Garcia Recall Campaign Turns In Four Signatures As A Protest
The group behind the recall campaign of Democratic state Senate president Leroy Garcia turned in three packets of petitions Friday afternoon, far short of the 13,506 valid signatures needed to force a recall election.
Recall organizers could have turned in at most 120 signatures to the Colorado Secretary of State’s office and said they promised those who signed that they would submit something. It was also a protest of what they say were unfair Democratic tactics to stymie their efforts. The state confirmed to CPR News that the group only submitted four signatures
“There was a great test of voter intimidation that we experienced,” said campaign volunteer Dave DeCenzo.
He said the campaign gathered more than 13,000 signatures but didn’t have enough of a buffer to account for signatures that would be found invalid. The Secretary of State’s Office said anywhere from 10-50 percent of signatures can be rejected for various reasons.
They opted not to submit most of the signatures because Colorado law would have prevented those people from signing on for any future recall effort against Garcia. DeCenzo said another recall campaign next year is likely.
“So we are not confident that we have the margin that's needed,” Decenzo said. “We would have a much harder problem in the spring.”
While this recall will clearly not move forward, Friday’s move does make it the first recall campaign this year to make it this far. Five other attempts to unseat Colorado politicians ended without the groups turning over any signatures.
Opponents of the recall said they were not surprised that it failed to gather enough signatures.
“The scammers behind this year's recalls have flamed out in spectacular fashion — but not before lining their pockets and loading their databases with money and personal data from unsuspecting Colorado voters,” said Curtis Hubbard with Democracy First Colorado. “Sen. Garcia is serving Pueblo well — sentiment voters across the district reaffirmed in the thousands of conversations we have had over the last 60 days.”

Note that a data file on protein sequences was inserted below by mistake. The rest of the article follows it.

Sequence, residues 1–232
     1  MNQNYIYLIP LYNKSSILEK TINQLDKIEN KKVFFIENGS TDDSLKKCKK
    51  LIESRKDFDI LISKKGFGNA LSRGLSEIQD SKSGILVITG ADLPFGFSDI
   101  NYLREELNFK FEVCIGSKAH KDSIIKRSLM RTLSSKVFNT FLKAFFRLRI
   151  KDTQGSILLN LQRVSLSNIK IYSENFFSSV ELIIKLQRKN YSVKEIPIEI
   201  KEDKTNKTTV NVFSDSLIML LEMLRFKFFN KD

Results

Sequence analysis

The Garcia recall organizers were behind the successful 2013 recall of former Democratic Sen. Angela Giron in the same district. That’s one reason Democrats were more concerned about this campaign than other recall efforts. Also, a recall election would have happened during the height of the next legislative session.
Democrats rented the parking lot adjacent to the main recall campaign headquarters in Pueblo. The recallers said they were also blocked from gathering signatures in the Walmart parking lot in Pueblo West, a spot they relied on in the Giron recall to connect with large numbers of voters. They said they were also turned away at Home Depot, Target, Safeway and Albertsons.
And organizers said there was also fatigue from donors and volunteers because so many recall efforts were underway this year.
Garcia was targeted as part of the perceived Democratic overreach that critics say is the result of full party control of the state legislature and every major statewide office. They say the party led the state too far left in the last legislative session on gun control, stricter oil and gas regulations and a new law that could commit Colorado’s presidential electors to the winner of the national popular vote.
Petitioners who wanted to challenge the state joining the National Popular Vote Compact successfully got that question on the ballot. Colorado voters will make the final call on that in the 2020 election.Garcia won his office with more than 70 percent of the vote against a Libertarian challenger. He has said the recall election would waste taxpayer dollars and abuses the recall process because his opponents are upset about policies he supports, not an ethical breach. Garcia will be term-limited in 2022.
Editors Note: This story has been updated to reflect that the Colorado Secretary of State says the recall campaign submitted four signatures.
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